Auckland – do you want to manage cats in your area?

Gareth MorganEnvironment

Auckland Council is currently consulting on its Pest Management Plan. Under this plan there is a way wandering cats could be managed, but the Council will only act if people stand up and ask for it.

Why cats currently slip through the net

Most of the species that harm our native species are managed in some way. Possums, stoats and rats are trapped or poisoned. Dogs are managed, and if they are found wandering without identification are rehomed humanely euthanised.

Currently feral cats are defined as a pest in Auckland’s pest management plan. Unfortunately in populated areas (like most of the Auckland isthmus) there is no way to enforce this because there is no way to tell if a cat is a feral, stray or pet cat. So generally speaking cats don’t get managed anywhere near people’s houses.
This is a massive issue – in many sensitive wildlife areas locals are trapping rats and stoats, only to see precious native wildlife falling prey to cats. It wastes all their hard effort in trying to save our native species and restore these important areas.

How Auckland Council could manage cats

To manage cats, the Council needs to be able to identify if a cat is owned, either with a microchip or collar.

Under the pest management plan, Auckland Council could define a feral cat as a cat without a microchip or other identifier (such as a collar or harness). This definition would only apply in sensitive wildlife areas.

Any cats found wandering in sensitive wildlife areas could be checked for identification. If they have identification they could be returned to their owners, and if not, they could be rehomed or humanely euthanised.

Sensitive Wildlife Areas

As we have seen on the #kakacam, right now native birds are nesting and fledging all over the country. This is when they are at their most vulnerable to wandering cats and dogs. Dogs are managed already, so they shouldn’t be wandering off their leads in sensitive wildlife areas. However, there is no way to stop cats from wandering in these areas, particularly when they are near houses.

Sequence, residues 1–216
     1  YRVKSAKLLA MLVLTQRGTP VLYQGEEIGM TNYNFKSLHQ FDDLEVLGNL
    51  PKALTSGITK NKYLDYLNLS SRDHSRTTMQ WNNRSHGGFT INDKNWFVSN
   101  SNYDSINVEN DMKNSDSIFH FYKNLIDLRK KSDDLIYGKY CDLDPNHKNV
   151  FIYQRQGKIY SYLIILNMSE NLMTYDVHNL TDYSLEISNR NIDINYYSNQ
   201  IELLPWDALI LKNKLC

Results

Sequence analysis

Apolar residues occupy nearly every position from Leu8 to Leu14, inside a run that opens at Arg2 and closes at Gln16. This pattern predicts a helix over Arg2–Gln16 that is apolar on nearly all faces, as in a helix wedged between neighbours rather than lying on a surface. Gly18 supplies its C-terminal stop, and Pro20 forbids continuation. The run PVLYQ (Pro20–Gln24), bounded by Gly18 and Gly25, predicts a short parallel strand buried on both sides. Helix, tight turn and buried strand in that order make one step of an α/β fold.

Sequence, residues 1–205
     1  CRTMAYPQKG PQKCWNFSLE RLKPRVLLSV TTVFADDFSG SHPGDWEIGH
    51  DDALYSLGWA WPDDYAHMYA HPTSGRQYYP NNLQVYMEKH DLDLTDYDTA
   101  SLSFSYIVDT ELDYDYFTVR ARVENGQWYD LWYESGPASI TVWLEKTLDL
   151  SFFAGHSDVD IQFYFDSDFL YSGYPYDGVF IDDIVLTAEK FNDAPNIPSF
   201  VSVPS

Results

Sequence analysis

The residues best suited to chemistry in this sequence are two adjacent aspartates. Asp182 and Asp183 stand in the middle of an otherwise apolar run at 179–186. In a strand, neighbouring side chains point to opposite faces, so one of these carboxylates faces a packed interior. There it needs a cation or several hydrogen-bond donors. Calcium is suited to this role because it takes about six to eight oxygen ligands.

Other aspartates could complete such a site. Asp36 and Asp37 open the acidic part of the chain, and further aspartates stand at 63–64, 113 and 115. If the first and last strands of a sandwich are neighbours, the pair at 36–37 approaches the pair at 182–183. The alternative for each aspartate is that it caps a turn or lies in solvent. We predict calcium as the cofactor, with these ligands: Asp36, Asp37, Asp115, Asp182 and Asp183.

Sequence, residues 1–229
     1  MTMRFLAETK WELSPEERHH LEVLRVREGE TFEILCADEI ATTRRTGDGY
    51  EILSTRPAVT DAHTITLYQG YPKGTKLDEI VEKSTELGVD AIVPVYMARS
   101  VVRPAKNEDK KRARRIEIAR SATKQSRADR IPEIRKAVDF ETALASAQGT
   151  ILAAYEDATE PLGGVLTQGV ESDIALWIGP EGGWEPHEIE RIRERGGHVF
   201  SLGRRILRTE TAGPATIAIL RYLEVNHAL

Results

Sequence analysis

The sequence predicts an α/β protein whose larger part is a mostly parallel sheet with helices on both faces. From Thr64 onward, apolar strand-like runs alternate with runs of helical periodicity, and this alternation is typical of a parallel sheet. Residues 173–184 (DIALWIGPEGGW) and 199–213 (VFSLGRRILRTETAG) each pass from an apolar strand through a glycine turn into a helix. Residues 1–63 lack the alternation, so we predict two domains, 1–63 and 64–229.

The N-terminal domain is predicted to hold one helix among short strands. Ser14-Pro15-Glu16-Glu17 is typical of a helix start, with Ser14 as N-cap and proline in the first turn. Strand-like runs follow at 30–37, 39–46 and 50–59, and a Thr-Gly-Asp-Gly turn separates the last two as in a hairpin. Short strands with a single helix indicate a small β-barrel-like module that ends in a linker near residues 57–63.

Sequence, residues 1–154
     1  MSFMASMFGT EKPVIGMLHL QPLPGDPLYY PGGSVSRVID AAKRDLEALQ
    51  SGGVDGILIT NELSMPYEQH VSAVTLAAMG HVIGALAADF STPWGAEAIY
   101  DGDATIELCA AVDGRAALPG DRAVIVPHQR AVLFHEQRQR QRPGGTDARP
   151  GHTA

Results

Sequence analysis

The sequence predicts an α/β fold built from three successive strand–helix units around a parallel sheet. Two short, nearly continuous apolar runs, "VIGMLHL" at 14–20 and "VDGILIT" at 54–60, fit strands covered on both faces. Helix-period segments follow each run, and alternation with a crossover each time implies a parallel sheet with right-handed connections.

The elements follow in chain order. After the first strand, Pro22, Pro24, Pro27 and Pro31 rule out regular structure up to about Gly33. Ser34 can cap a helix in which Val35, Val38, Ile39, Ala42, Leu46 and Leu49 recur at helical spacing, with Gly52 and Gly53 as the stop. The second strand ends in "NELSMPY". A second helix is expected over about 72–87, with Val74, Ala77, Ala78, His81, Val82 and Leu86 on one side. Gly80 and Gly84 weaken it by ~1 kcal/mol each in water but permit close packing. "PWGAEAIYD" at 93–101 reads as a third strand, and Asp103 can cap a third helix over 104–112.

You have the ability to suggest areas to be deemed sensitive wildlife areas as part of the pest management plan.

Examples of sensitive wildlife areas might be the Waitakere and Hunua Ranges where endangered kokako are breeding, and even places like the Te Atatu Peninsula, where the threatened fernbird lives.

But my cat isn’t a pest!

Getting your cat microchipped would also help keep it safe. Not only would it ensure that it isn’t mistaken for a feral cat, but microchips generally reduce your cat’s chances of getting lost. After the Christchurch earthquake, more than 80% of the lost cats with microchips found their way home, whereas only 15% of the cats without microchips did the same. Having a system of microchipping should also prevent a repeat of the pet cat that was killed when found behind the predator proof fence in Shakespear Regional Park.

People are constantly surprised to find how far their cats can wander – up to 2.4km in rural areas and around half that on the urban fringe. So if you live any where near a wildlife area then your cat could potentially be wandering that far. Cats also only bring home 1 in 5 things that they kill on average, so just because you haven’t seen your cat with a native bird or lizard doesn’t mean they don’t kill them.

We’ve made it easy to submit online

To make your life easy we have only included the questions that are relevant to cats. You can make a full submission here

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Auckland – do you want to manage cats in your area? was last modified: December 15th, 2015 by Gareth Morgan
About the Author

Gareth Morgan

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Gareth Morgan is a New Zealand economist and commentator on public policy who in previous lives has been in business as an economic consultant, funds manager, and professional company director. He is also a motorcycle adventurer and philanthropist. Gareth and his wife Joanne have a charitable foundation, the Morgan Foundation, which has three main stands of philanthropic endeavour – public interest research, conservation and social investment.